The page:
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Slaw, Slow, Sloff, Sluff, Slou, Sluh, or Sloo?

May 3, 2012

The evolution of language is fascinating. However, it would be so much easier for English natives to learn other languages if English had evolved a little less. I'm thinking specifically of me here; me attempting to learn Italian. Not so long ago, English had the same formal versions of 'you' that many other languages still have. The formal was 'thou' and the informal 'thee', corresponding to 'vous' and 'tu' in French, and 'Lei' and 'ti' in Italian. The first change was that 'thou' became 'you'. Then, over time, 'thee' also became 'you'. So, English is far simpler than many other languages.  Until one considers pronunciation. Thought, though, trough, enough, bough, thorough, brougham ... There are over seventy words in English containing 'ough' and no rules that can be applied to their pronunciation. Is a visitor to Slough going to Slaw, Slow, Sloff, Sluff, Slou, Sluh, or Sloo? Perhaps I am better off as an English native grappling with Italian rather than the other way round.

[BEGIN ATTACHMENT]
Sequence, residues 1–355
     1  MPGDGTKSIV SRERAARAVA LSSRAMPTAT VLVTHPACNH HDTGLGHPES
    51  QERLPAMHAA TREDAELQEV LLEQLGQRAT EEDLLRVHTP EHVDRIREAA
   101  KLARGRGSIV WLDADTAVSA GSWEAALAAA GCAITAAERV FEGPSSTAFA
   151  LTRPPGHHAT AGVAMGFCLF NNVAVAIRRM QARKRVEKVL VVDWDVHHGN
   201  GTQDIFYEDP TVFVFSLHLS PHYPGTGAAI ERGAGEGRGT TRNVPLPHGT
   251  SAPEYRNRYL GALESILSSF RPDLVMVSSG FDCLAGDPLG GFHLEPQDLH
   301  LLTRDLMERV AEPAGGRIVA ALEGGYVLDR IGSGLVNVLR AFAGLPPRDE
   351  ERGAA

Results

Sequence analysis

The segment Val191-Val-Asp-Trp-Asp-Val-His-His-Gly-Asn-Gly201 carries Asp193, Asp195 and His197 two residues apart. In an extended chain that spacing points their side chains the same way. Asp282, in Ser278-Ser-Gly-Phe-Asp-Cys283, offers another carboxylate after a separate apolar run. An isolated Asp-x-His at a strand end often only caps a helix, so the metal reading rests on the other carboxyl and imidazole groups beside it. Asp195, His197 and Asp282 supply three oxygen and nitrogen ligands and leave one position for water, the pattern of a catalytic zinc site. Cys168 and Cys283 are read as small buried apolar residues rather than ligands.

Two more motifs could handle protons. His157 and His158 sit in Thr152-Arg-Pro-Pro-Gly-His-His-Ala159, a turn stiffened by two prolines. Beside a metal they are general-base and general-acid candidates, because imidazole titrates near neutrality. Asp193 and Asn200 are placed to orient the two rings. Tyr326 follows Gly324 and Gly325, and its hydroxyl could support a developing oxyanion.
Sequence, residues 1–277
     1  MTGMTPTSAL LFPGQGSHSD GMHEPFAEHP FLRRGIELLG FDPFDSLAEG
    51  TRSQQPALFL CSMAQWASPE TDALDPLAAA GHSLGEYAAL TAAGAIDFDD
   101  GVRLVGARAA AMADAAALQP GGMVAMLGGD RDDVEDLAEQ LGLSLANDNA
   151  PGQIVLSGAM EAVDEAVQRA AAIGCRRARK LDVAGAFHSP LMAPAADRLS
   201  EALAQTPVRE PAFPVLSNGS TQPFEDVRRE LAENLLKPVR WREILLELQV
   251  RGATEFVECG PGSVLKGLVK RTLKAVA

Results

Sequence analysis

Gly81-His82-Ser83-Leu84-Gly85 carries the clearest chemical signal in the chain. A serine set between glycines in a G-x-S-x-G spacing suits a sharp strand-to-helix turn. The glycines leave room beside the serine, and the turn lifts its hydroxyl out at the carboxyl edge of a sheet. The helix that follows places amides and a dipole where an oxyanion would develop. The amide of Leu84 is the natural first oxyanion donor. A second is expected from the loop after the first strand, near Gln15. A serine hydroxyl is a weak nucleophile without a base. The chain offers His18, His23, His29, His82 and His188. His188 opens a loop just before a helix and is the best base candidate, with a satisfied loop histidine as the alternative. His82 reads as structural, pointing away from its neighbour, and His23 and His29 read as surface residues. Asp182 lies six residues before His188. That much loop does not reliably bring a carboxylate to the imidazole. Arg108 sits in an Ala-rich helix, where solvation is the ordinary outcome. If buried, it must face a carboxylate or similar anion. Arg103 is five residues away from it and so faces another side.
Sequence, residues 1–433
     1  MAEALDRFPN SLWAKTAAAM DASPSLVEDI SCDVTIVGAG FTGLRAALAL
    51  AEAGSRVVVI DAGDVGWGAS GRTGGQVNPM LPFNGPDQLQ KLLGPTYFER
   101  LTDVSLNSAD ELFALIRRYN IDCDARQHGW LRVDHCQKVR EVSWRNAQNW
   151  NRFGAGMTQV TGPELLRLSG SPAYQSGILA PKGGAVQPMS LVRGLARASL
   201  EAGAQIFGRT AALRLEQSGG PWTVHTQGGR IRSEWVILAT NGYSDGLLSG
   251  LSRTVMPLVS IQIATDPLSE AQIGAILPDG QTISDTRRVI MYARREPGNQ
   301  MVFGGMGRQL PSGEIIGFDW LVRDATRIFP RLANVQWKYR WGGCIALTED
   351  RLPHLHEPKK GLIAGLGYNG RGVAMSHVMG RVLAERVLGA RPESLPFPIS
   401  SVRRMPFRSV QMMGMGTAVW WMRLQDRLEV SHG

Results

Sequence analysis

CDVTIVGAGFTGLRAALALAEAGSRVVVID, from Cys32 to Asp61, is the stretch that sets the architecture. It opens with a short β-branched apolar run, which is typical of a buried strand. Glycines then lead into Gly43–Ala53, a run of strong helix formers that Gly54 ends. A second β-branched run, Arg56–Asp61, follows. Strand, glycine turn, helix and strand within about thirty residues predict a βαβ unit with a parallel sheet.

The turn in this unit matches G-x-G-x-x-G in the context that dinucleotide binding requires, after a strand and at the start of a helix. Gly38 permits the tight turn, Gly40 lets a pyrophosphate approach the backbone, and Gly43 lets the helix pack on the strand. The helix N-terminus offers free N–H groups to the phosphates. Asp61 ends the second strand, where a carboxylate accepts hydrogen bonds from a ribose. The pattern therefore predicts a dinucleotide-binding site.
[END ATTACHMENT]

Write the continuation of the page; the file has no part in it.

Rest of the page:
We're on the verge of the UK exam season. With high stress and volatile teenage tempers. My island of peace is anything but peaceful. Doing the exams would be infinitely preferrable to sitting helplessly on the sideline. And I would much rather be learning French and Philosophy, History and Homer than cooking and cleaning and uttering trite cajolings. Perhaps the time has come for the PhD...
   

  

 

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